Discovering Your Best Personal-Professional Energy: In the Context of Health, Aging & Time - Part I
As a Baby Boomer I'm aware of changing energy levels over the course of a lifetime. Hey, just the other day my girlfriend's three year-old granddaughter ran rings around me as we held hands, pulling each other while running and whirling in circles. She's the Energizer Bunny; I was the one who needed to take a break from the dizziness and exhaustion. (And I'm not a slouch or couch potato; nearly every day, I get in at least a mile power walk, trekking with computer backpack to the coffeehouse. FYI, I'm a tea drinker.)
Then there's little Charlotte's mom, working full-time in NYC ("the city that never sleeps"); she's grappling with the time and energy to be a loving spouse and devoted parent (and step-parent). M is also developing a life coaching business, every week or two sharing ideas in her "Loving Your Life" blog…her yoga classes are hardly a mind-body luxury. Perhaps it's time for the Stress Doc ™ to write a cross-generational tract: A Boomers' Guide to the Joys of Power Napping! (Btw, Charlotte still takes a restorative nap; didn't someone say, "And the children shall lead them"?)
Alas, it seems like a lot of folks are jolting their alertness levels by mainlining coffee, sodas, and energy drinks; many go for that quick "sugar high," while others use and abuse amphetamines and other highly questionable stimulants. And it's pretty easy to become dependent if not outright addicted. Maybe folks are mostly trying to keep up with if not survive these "always on," "TNT - Time-Numbers-Technology - Driven- and Distracted, Everything Happens NOW Times."
When the Energy Crisis Hits Close to Health and Home
So why is this Boomer giving undivided attention to the subject of "energy?" As a 60 +, perhaps my generational energy sample is skewed by the number of Baby Boomers I know personally grappling with (or trying to postpone) the aging-energy process. Then there are the TV ads. You think all those Viagra and Cialis commercials, including 60 somethings taking up surfing speak to this point? Let's call this pursuit "the fountain of sexual energy and the fixation of youth." (Of course, healthy sensuality and sexuality need not be constrained by age. Hey, with my partner/girlfriend, I'm ready to co-star in a hit series - "Sex and the Sixties" - that has nothing to do with 20th c. culture or lifestyle.)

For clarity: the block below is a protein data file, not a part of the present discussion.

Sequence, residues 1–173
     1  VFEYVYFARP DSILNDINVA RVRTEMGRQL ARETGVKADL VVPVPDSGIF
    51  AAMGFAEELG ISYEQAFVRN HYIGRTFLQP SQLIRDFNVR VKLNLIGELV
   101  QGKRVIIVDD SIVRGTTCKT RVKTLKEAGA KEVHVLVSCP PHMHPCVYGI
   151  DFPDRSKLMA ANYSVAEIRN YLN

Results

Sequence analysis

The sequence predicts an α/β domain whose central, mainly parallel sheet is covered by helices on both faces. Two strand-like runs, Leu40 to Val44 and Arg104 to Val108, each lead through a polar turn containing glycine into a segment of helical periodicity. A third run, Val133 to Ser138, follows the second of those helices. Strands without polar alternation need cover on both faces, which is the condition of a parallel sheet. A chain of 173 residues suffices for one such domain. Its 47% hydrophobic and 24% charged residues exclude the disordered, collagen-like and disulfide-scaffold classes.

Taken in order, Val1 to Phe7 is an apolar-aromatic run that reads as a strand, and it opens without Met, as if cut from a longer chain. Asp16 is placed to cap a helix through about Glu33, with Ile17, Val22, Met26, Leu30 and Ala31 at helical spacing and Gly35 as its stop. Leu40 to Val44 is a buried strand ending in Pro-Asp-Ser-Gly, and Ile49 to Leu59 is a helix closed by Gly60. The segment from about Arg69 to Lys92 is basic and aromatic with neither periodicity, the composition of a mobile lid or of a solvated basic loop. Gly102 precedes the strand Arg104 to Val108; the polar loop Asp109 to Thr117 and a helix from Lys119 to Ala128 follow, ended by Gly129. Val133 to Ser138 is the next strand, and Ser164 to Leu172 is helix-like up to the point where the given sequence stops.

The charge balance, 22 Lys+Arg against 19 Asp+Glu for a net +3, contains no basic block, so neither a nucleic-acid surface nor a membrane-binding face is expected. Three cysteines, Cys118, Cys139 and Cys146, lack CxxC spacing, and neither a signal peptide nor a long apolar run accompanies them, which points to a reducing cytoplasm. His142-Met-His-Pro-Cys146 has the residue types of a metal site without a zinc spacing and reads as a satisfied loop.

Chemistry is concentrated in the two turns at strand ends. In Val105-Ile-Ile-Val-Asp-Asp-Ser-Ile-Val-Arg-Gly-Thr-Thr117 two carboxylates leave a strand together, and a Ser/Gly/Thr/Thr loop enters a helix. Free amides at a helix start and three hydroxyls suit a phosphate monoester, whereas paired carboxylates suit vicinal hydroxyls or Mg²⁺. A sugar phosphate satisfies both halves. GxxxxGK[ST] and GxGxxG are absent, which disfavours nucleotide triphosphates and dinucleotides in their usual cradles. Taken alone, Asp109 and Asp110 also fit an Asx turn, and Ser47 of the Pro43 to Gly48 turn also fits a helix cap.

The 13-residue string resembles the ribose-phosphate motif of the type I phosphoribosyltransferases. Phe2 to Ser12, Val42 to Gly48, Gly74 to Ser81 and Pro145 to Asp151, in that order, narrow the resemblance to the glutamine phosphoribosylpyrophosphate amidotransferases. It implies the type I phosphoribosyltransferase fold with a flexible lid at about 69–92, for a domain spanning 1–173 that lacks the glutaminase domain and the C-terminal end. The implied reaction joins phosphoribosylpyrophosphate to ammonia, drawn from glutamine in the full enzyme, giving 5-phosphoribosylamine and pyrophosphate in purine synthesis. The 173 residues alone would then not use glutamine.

However, closer to home and to reality,
a) I myself had a recent "out of the blue" health scare: One morning I woke with double vision. After a series of tests at the ER and a neurologist waving his pencil in my field of vision, (talk about low-tech assessment), the diagnosis was clear: blockage caused by plaque in a cervical (neck area) nerve led to palsy-induced "diplopia" or double vision. The condition lasted three months; recovery was mostly gradual, sometimes sporadic. At times, objects looked like fragmented glass or a Cubistic-style painting. Finally, one morning the ceiling fan above my bed no longer had ten blades. Hallelujah!
Day-to-day, the attack was more frustrating than disorienting or dizzying; I even managed to do a couple of speaking programs during this purgatory. As a speaker, I get pretty focused mentally, even when not sharp visually. (Regarding the purgatory label, the scary part was that no one was quite sure of the recovery timeline or final outcome.) Fortunately, there was no damage done to brain or heart; vision has completely cleared; mostly a sobering wake-up call. Message sent was received: have increased dosage on daily Lipitor and aspirin and am exercising "disciplined moderation" in food consumption, especially salt and sugar intake; oh yes, no more nightly pastry ;-(. I'm now eating avocado regularly and cooking with canola oil. P.S. In a discussion with my cousin, I learned my uncle, at a similar age, had the same condition (more than once, alas), and
b) a friend and training partner, a high energy nurse who just last year got her doctorate at 61, also had to face some hard truths: her mind-body recently told her loud and clear that she no longer can get up at four in the morning and drive 1.5 hours to the clinic and job to which she's been devoted; while not quite working the graveyard shift (which statistically does affect longevity), it's close enough.
Health issues definitely sharpen your focus and perspective, sorting wheat from chaff regarding life's priorities and plans!
Stay tuned for Part II.